Clinton Co. corn

This May 2 planted field looks pretty good with some variability in population counts. It was reported this field had significant rain the day after it was planted that affected emergence. Clean field overall. Ear fill was average with some tip back and some limited pollination issues on some ears. The yield was 157.

Clinton Co. corn

Good looking field that had a population of 32,000 planted May 2. It was even in it stand, clean of disease, weed free and no signs of insects. Narrow, shorter ears (about 16 rows) on each ear. Ears were filled to tip for most part. Yield estimate: 161.

Clinton Co corn

This field planted May 2 look good in terms of being clean and weed free, minimum disease in lower leaves. It was treated with fungicide. This field had an average population of 31,000. When looking at ears pulled, this field did have some pollination issues as evident by the number ears exhibiting the ear deformity we call zipper ear. There were pollination issues as several ears exhibited the zipper ear condition with spotty pollination throughout some ears. The yield estimate is 170 bushels.

Clinton Co. corn

Darke County

The field was planted May 4 with low disease and pest pressure. The field is at R4 with a yield estimate of 179 bushels.

Fairfield County

Corn condition and maturity is widely variable throughout Fairfield County resulting from extremely wet spring conditions that resulted in either late planted corn, or the need to replant. Unfortunately, much corn that needed to be replanted in 2022 could not be due to weather conditions that prevented it. We are in a field in the NW part of the county that typifies the average condition of much of Fairfield County’s corn. Except for several small pockets throughout the field that were drowned out early, this field has a near perfect stand of 34,000 (seed drop was 34,500), perfect weed control, and little if any symptoms of leaf disease from the ear leaf and up. Due to the wet soil conditions early, the field was not planted until May 14. It was no-tilled. This field, and much of the county, received double normal precipitation until mid-June when it got very dry for two weeks. Abundant rainfall returned in early July and continued two more weeks. For the past three weeks precipitation has been normal or slightly below on this field. Due to the delayed planting date, and stressful growing conditions the field must continue to receive timely rainfall for the next few weeks in order to reach its yield potential estimated at 154 bushels per acre. Although there is evidence of some grey leaf spot on the lower leaves, overall there is little disease pressure today. Ear fill is extremely variable. Kernel rows ranged from 12 to 18, and kernels per row ranged from 20 to 33.

Fairfield Co. corn

Hardin County

This 115-day maturity corn was planted in eastern Hardin County on April 28 before all of the May rains. Like most other early planted corn in the county, it looks better than the later planted fields. There is very low disease pressure and no insect or weed issues to be concerned about. Currently the crop is in the soft dough stage. Lower stand population and some pollination stress will likely hold back the yield potential which today I estimate it at 189.6 bushel to the acre. There is some tip die back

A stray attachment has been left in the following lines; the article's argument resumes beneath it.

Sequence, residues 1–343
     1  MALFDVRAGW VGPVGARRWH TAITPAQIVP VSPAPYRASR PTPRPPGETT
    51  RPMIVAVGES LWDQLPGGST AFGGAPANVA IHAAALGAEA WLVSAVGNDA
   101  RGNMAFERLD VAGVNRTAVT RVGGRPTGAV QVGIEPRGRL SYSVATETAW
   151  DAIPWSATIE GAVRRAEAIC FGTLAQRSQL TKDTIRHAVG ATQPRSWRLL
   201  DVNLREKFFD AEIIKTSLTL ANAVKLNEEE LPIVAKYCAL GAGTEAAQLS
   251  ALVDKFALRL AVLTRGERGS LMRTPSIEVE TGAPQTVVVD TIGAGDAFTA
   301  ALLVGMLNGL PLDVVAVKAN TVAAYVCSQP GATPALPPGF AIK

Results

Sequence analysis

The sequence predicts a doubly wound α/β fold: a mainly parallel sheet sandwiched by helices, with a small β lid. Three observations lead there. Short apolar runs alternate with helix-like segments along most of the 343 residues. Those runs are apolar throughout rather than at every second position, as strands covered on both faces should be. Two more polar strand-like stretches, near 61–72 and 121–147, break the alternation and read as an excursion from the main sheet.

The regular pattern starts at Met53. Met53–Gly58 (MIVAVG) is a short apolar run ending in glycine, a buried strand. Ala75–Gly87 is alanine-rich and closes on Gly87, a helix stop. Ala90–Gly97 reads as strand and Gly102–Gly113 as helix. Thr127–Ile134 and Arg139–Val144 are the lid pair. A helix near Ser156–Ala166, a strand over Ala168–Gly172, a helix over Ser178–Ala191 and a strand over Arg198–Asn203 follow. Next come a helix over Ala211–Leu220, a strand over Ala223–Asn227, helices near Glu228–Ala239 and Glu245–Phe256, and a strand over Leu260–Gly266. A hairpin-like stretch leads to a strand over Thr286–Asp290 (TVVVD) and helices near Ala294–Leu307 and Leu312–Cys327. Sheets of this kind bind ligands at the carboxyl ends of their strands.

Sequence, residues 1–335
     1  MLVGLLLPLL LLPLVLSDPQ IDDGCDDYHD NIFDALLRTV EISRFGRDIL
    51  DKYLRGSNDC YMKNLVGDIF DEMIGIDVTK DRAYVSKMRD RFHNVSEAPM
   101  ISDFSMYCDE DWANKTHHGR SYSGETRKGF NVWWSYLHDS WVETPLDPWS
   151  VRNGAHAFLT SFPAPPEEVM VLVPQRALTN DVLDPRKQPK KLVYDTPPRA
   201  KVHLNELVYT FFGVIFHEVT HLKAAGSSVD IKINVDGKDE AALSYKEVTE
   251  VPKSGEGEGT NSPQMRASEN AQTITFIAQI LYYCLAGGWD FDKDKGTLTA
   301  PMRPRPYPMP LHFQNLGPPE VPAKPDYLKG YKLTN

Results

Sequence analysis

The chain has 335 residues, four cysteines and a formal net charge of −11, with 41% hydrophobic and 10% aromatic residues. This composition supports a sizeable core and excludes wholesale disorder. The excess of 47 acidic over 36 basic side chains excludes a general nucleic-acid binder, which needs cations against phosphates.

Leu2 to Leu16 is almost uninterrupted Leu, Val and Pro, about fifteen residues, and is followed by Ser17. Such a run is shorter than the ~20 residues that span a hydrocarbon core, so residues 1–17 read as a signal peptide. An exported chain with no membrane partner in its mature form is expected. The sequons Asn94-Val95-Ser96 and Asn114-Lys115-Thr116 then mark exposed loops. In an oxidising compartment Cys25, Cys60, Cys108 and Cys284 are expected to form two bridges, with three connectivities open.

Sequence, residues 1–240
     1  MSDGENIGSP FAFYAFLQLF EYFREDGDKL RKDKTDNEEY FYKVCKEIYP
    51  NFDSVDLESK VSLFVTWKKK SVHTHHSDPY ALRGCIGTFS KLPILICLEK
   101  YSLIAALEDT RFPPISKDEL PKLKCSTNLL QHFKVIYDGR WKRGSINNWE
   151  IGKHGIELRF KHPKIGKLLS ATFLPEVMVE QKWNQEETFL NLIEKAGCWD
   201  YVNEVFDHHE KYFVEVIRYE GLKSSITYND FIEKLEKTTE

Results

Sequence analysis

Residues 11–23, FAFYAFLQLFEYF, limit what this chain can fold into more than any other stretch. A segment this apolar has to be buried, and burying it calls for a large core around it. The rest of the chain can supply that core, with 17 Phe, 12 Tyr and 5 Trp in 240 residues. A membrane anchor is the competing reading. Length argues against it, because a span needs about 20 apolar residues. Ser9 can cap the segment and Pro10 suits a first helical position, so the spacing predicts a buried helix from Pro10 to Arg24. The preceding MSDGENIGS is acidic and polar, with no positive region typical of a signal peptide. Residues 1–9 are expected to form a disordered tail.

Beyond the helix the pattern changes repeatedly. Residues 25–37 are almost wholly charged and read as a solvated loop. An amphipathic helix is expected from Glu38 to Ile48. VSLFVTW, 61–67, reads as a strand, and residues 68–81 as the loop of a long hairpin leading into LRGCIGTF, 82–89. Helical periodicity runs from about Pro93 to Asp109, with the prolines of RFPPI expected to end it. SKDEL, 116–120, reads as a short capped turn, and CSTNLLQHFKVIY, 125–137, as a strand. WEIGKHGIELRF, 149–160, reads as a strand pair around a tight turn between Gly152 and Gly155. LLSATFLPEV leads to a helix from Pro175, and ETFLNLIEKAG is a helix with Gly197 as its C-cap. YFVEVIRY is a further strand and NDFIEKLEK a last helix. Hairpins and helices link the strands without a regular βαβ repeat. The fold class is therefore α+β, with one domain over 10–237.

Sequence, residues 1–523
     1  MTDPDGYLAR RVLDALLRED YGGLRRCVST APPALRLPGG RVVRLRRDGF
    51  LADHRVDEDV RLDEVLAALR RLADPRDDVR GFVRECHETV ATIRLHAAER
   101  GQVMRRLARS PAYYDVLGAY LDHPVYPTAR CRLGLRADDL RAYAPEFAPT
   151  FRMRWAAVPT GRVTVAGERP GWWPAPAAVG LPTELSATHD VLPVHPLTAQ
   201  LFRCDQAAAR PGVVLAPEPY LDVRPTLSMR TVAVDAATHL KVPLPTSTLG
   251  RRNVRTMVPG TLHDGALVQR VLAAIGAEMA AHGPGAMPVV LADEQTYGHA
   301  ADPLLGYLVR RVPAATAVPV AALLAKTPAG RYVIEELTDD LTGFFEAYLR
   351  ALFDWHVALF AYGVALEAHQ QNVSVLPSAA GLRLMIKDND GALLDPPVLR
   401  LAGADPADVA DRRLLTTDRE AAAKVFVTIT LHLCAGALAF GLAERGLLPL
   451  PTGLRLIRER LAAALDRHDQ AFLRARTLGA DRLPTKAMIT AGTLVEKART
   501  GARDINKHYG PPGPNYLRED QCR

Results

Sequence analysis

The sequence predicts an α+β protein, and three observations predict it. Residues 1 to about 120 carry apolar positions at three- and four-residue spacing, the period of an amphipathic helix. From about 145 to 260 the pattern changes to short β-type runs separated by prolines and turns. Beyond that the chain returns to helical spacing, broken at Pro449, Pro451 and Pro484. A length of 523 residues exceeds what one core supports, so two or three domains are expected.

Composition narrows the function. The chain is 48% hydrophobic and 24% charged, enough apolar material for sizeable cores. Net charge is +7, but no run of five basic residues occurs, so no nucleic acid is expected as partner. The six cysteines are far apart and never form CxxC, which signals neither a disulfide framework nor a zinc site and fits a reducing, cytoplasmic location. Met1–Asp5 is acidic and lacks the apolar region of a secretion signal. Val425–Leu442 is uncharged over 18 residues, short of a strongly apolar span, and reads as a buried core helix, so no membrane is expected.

Madison County

The planting date here was April 29. There was some tip back on ears, possible due to lack of rain. There was some gray leaf spot, 5% or so of the leaf area. I found corn earworm feeding on an ear. Ear fill was good and yield estimate is 209 bushels.

Madison Co. corn
Madison Co. corn

Shelby County

This is a good overall stand, planted May 13, with a few thin spots from time to time but an average looking field for the county this year. I think over all this is the county average. I know there are some 200+ fields but we also have some that are not even tasseled yet. There is some tip back and a yield estimate of 174.96 bushels.

Shelby Co. corn

Wayne County

This field was planted May 13 in a tight widow and has excelled all season long. Timely rains provided ample moisture and relatively light insect and disease pressure has allowed this corn to coast along without any major setback or yield reduction concerns. Currently, the field is at R4, with kernels beginning to dent on the lower third of the ear. There is some light gray leaf spot and northern corn leaf blight light stink bug, Japanese beetle. Ear fill is generally complete, but there is an occasional ear with incomplete tip fill. The yield estimate is 247 bushels.

Wayne Co. corn
Wayne Co. corn

This no-till field planted May 23 looks to be running a little short on N, but overall looks good. The stand is consistently between 30,000 to 32,000. Occasionally finding northern corn leaf blight. Stink bugs, Japanese beetles and grasshoppers were our insect pests of note with occasional lep pests observed. There were some poor ears, some ears with good fill and a yield estimate of 214.

Wayne Co. corn
Wayne Co. corn

Wood County

This was healthy corn, low disease pressure, but ears had some tip back. It was planted May 13 with a yield of 210 bushels.

Wood Co. corn

The field was in fairly poor condition. It was planted June 3 and just competed pollination. The stand was a not consistent throughout the field. Disease pressure was low and the estimated yield is 164 bushels.

Wood Co. corn

This May 21-planted corn had a consistent stand and low disease pressure. It was at R3 growth stage (milk). There was strong yield potential at 225 bushels.

Wood Co. corn

The field was planted May 24. Consistent stand, but variable soil type caused variation of corn growth stage, from R2-R3. Disease pressure was low and no pest issues. Yield estimate: 189.

Wood Co. corn